A New York Times editorial this morning talked about a “plausible pathway” to success through binding emission reduction targets and a vast increase in the use of renewable sources like wind and solar.

    As we talked about last week, it’s against this backdrop that Oklahoma policymakers approved a bill, endorsed by major electric utilities, to make renewable energy more expensive, on purpose. Consumers who install solar panels or wind turbines are now slated to pay extra changes.

    The L.A. Times reports that Americans can expect to see a lot more of this: “Solar, once almost universally regarded as a virtuous, if perhaps over-hyped, energy alternative, has now grown big enough to have enemies.”

    The Koch brothers, anti-tax activist Grover Norquist and some of the nation’s largest power companies have backed efforts in recent months to roll back state policies that favor green energy. The conservative luminaries have pushed campaigns in Kansas, North Carolina and Arizona, with the battle rapidly spreading to other states.

    Alarmed environmentalists and their allies in the solar industry have fought back, battling the other side to a draw so far. Both sides say the fight is growing more intense as new states, including Ohio, South Carolina and Washington, enter the fray.

  21. rikyrah says:

    Justice Scalia Tells Law Students ‘Perhaps You Should Revolt’ If Taxes Become Too High

    During an event at the University of Tennessee’s law school on Tuesday, Supreme Court Justice Antonin Scalia suggested to the capacity crowd that perhaps they should revolt against the U.S government if their taxes ever get too high.[….] The remark, first reported by the Knoxville News Sentinel, has become a common rhetorical flourish for conservatives nationwide during the Obama presidency.

    A state Tea Party chairman in Mississippi called for armed rebellion ahead of Obama’s reelection in 2012, and a Texas Judge told a local news station that he was prepared to join a “civil war” if Obama agreed to sign away U.S sovereignty to the United Nations. Michele Bachmann found herself in hot water in 2009, shortly after Obama took office, for calling upon a violent uprising against Obama, and faced accusations of using treasonous language.[….]

  22. rikyrah says:

    Heller sees Bundy, allies as ‘patriots’

    04/21/14 09:27 AM—Updated 04/21/14 09:50 AM
    By Steve Benen

    Last Thursday, Senate Majority Leader Harry Reid (D-Nev.) responded to the standoff at Cliven Bundy’s Nevada ranch in very forceful terms. “Those people who hold themselves out to be patriots are not,” Reid said. “They’re nothing more than domestic terrorists,”

    A day later, Reid appeared alongside his fellow Nevada senator, Republican Dean Heller, for a joint appearance on Las Vegas’ NBC affiliate. They apparently don’t see eye to eye.

    “What Sen. Reid may call domestic terrorists, I call patriots,” GOP Sen. Dean Heller said during the rare joint appearance on KSNV-TV. “We have a very different view on this.” […]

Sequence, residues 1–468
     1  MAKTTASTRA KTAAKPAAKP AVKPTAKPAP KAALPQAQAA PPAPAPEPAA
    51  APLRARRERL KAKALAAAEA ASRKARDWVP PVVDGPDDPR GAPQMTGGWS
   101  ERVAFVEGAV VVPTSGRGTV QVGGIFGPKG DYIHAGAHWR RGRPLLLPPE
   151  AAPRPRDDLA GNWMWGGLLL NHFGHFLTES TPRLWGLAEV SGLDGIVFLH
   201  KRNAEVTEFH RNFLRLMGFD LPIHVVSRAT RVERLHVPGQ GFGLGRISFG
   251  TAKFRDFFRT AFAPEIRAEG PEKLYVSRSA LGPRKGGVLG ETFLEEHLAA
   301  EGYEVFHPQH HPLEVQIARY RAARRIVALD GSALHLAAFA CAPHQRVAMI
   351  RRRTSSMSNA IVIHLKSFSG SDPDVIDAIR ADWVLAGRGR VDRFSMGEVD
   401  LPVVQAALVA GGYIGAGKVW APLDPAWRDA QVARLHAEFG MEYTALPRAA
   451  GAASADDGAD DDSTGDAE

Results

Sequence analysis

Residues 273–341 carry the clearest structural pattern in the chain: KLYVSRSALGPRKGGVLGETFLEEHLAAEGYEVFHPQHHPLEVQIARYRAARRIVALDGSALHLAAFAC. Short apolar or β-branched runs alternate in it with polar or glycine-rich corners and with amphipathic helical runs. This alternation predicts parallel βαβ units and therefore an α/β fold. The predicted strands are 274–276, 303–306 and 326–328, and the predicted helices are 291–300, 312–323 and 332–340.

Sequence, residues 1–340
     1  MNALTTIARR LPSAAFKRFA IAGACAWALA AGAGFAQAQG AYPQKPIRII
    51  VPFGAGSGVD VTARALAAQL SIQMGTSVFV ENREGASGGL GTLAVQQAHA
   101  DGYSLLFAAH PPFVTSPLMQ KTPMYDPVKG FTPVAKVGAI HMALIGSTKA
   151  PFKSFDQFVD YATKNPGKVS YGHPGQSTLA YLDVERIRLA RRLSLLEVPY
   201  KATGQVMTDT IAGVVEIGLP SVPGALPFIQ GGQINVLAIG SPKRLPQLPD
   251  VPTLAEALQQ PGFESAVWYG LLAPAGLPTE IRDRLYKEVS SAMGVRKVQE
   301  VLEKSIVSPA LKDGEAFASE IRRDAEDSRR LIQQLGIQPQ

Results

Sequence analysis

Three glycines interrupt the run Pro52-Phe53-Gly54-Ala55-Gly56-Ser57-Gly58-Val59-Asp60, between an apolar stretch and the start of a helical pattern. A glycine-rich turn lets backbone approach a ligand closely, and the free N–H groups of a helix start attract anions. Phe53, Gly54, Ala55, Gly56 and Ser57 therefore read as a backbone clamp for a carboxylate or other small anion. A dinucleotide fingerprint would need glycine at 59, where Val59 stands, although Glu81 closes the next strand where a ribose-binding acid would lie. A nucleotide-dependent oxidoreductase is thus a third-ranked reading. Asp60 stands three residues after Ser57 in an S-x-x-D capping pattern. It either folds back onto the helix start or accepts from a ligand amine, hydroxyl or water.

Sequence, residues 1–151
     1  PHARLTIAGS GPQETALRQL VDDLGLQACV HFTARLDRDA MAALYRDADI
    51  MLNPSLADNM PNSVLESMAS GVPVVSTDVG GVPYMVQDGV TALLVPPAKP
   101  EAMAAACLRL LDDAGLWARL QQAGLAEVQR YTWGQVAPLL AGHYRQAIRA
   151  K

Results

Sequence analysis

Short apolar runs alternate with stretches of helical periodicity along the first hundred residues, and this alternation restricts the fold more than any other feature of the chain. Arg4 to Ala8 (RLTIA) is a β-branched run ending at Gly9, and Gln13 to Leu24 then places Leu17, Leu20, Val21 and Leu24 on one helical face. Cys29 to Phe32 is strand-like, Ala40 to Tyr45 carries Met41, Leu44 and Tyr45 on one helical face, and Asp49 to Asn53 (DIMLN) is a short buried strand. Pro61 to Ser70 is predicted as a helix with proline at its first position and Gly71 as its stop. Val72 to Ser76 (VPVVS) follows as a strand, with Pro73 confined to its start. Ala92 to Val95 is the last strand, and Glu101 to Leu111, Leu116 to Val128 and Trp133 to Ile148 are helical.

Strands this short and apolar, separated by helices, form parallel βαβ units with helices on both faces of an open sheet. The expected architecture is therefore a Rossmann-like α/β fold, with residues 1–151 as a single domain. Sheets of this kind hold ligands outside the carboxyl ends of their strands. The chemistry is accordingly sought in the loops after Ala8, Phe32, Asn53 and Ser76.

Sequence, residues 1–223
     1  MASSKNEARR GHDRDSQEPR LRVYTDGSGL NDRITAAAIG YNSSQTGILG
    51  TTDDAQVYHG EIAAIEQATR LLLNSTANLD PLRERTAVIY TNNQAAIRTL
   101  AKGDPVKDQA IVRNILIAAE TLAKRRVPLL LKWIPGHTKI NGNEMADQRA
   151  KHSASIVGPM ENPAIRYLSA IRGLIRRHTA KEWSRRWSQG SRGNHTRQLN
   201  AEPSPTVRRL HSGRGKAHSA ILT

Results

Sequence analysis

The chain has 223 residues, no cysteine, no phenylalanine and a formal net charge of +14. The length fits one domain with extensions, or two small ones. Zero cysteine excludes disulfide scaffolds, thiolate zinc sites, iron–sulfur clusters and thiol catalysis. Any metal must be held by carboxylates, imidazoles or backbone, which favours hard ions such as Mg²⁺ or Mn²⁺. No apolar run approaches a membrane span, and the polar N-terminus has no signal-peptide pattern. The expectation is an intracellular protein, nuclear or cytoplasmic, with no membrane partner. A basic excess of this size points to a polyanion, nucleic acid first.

“It’s a pretty broad brush,” Heller said Reid is using in making the “domestic terrorist” charge. “When you have boy scouts there, you have veterans at the event, you have grandparents at the event.”

    I think it’s probably safe to say Reid, when raising the specter of domestic terrorism, was referring to well-armed militia activists who risked creating a violent incident at Bundy’s ranch, not boy scouts.

    Heller added, “I take more issues with BLM coming in with a paramilitary army of people, individuals with snipers, and I’m talking to people and groups that were there at the event, and to have your own government with sniper lenses on you, it made a lot of people very uncomfortable.”

  23. rikyrah says:

    Wanker of the Day: Robert Samuelson
    by BooMan
    Mon Apr 21st, 2014 at 09:44:14 AM EST

    Robert Samuelson actually wrote the following as the concluding paragraph of his column today:

    Still, the present concentration of income and wealth instinctively feels excessive. It understandably stirs resentment. We’d be better off if the rich were less so and other Americans were more so. But it’s doubtful that political action to force this transformation would be similarly beneficial. Class warfare is bruising; today, it would degrade the confidence needed for a stronger recovery

    Let’s look at this:

    Premise A: less income inequality would be better.
    Premise B: political action to create less income inequality would not be better.
    Conclusion: Since A does not equal B, confidence fairies, ponies, and rainbows.

    If you don’t want higher taxation on the rich, you should just say so. No rationale is really required. But to present this as a logical argument is beyond embarrassing. It’s a preference.

    Insofar as there is any logic to it, the argument is that the government cannot take action to lower income inequality because that would “bruise” rich people and cause them to lose confidence, which would cause them to withdraw from investment opportunities, which would lessen economic growth, which would hurt everyone and solve nothing.

    One problem with this argument is that Samuelson acknowledges that there was a time when income inequality wasn’t so great in this country:

  24. rikyrah says:

    Parents Outraged After Finding Easter Eggs Filled With Racist Notes
    Updated: Apr 21, 2014 4:53 AM EDT

    By WRIC Newsroom – email

    HENRICO COUNTY, Va. (WRIC) -Parents in the West End are outraged after waking up to find Easter eggs filled with racist notes.

    “You can hit the whole world with the Internet, stay out of my yard.”

    The Smiths were having an egg hunt with their 3-year-old son Sunday afternoon. It’s an Easter tradition that was interrupted after an upsetting discovery.